The 7th Armoured Division heads for

The ‘Right Hook’ to Villers-Bocage was given, in first instance, to the 131st Infantry Brigade with the 1st Royal Tank Regiment as support. They would march through the lines of the 56th Infantry Brigade, from Tilly-sur-Seulles to Villers-Bocage. But, because of the bad terrain and the slow progress, the order was put forward to the 22nd Armoured Brigade Group of the 7th Armoured Division on the left flank. They had to move south into the gap between the British and American sector. Head of the column consisted of the 4th County of London Yeomanry (Sharpshooters) and as reconnaissance unit the 8th and 11th Hussars Regiment.

A Stuart V (M3A3) of the 7th Armoured Division in the Bocage on 15 June, 1944

Around 16.00 hours on 12 June, the column moved out of Saint-Paul-du-Vernay onto the D 99. The road was small, but good enough. Problem was the bocage, the infamous Normandy hedges, it was thick and could conceal German armour. Cahagnolles was quickly reached and St.Honorine-de-Ducy was also liberated by the units of the 7th Armoured Division.

In St.Honorine-de-Ducy a plaque is to be found for the liberation on 12 June 1944

After 7 kilometres, near Livry, the column came under fire of a German anti-tank gun belonging to Panzer Lehr Division. This put a Cromwell tank out of action. A decision was made to attack this threat head on. They could outflank to the west but this was time consuming and was moving through the American sector, around through the east could mean more German opposition. At 20.00 hours the German position at Livry was cleaned up by a small unit of the 1st Rifle Brigade. Brigadier Hinde decided to halt for the night. Around midnight the column was finally placed in a strategic position beside the D115, a sector known as la Mulotière. During a reconnaissance on the left flank, a squadron of 8th Hussars made a brief contact with Germans and two Cromwell tanka were lost.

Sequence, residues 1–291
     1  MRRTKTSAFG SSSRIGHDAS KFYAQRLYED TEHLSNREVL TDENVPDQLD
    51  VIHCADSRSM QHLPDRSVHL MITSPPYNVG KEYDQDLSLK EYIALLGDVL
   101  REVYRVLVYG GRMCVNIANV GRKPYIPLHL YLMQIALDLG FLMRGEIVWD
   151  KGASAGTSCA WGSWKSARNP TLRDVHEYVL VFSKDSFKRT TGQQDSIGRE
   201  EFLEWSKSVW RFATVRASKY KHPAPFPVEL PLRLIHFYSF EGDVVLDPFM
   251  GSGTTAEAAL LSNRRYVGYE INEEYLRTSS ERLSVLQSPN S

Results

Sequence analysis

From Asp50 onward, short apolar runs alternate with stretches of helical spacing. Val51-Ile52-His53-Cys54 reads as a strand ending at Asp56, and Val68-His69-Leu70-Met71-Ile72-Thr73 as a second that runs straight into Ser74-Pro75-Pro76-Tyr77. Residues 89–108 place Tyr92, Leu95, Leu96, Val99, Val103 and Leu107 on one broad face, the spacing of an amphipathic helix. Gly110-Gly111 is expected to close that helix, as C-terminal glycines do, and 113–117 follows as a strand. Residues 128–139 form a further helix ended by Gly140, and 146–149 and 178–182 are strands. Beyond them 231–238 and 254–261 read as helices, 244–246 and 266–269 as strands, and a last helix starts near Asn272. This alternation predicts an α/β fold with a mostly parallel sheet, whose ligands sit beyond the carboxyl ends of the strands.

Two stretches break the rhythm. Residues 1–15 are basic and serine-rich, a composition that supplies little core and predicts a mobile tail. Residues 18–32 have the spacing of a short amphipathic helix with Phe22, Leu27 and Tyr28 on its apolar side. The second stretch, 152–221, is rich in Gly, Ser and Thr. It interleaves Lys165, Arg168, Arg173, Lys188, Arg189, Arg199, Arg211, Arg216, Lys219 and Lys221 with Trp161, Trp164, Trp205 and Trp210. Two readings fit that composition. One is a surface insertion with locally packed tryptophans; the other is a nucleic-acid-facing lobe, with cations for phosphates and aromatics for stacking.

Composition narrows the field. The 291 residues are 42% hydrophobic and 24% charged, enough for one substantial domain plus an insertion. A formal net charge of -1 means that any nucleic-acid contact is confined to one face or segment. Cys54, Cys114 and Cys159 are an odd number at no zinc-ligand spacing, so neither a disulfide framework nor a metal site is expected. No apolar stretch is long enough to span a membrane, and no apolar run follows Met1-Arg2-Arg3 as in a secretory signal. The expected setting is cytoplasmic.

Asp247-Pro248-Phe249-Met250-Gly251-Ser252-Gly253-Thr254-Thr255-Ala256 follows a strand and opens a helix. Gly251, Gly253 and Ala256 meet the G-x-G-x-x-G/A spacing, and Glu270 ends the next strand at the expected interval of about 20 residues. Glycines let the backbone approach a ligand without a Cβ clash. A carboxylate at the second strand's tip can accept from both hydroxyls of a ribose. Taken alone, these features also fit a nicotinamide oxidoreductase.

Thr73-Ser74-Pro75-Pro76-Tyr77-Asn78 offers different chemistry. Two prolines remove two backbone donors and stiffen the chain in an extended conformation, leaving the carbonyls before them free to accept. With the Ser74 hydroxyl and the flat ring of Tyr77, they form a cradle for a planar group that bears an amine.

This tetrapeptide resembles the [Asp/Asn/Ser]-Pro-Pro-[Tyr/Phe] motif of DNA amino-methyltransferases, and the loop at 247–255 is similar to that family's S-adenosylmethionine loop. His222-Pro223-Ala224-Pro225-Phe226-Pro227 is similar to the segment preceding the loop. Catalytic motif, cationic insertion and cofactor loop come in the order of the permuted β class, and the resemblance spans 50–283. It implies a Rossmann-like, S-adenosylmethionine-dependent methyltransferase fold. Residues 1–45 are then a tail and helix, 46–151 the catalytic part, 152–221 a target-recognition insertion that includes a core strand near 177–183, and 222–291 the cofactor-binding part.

The night was without further events but a steady rain was falling. The next day, 13 June, around 05.30 hours, the first vehicles moved onto the D115 heading Briquessard. 4th County of London Yeomanry (CLY) was taking first lead again with the 8th and 11th Hussars protecting the axle and the flanks. The officers complained that they moved too fast. But they also knew that speed was the essence to reach as fast as possible ‘Point 213’, a hill east of Villers-Bocage. Just as the head of the column reached Villers-Bocage, Lt. Charles W. Pearce of the 4th RHQ (Regimental Headquarters) discovered a German recce vehicle in an apple orchard. Through his binoculars he could see the German commander observing the British column. Knowing that it was obvious to the German where the column was heading, he called out to the Cromwell behind him. But Major Carr, who had the command of this Cromwell, reported that the turret was stuck because of the overload of supplies. Pearce broke radiosilence and gave the order to the next Cromwell in line to destroy the target. But again, nothing happened and moments later Pearce observed how the German vehicle pulled away and disappeared. The first British vehicles moved into Villers-Bocage. RHQ Troop stopped on the east side of town together with three M3A3 Stuart tanks of the Reconnaissance Troop, 4th CLY just as it was leaving Villers-Bocage. A Squadron drove on to ‘Point 213’ with nine Cromwell’s, three Sherman Fireflies and a couple of Half Tracks followed by vehicles of the 1st Rifle Brigade, A Company.

The Cromwell of Sergeant-Major Gerald Holloway
(this Cromwell was later put out of action in Villers-Bocage)

When A Squadron reached the top of ‘Point 213’ all of the commanders of A Company, 1st Rifle Brigade were summoned to come above for new orders. A Half Track collected the officers. But it was realised that this was a target of opportunity, so all the officers were divided over two extra vehicles. When this was all going on, the column came to a standstill. Troop commander, Lt. Bill Garnett in the Cromwell up front, spotted an approaching German staff vehicle. He shot at it with his machinegun. The vehicle spun off the road into the field where it crashed and burned. The vehicles were moved into the soft shoulders of the road, for better position and to make room for the approaching officers. Some of the men came out of their tanks and started to make their morning tea.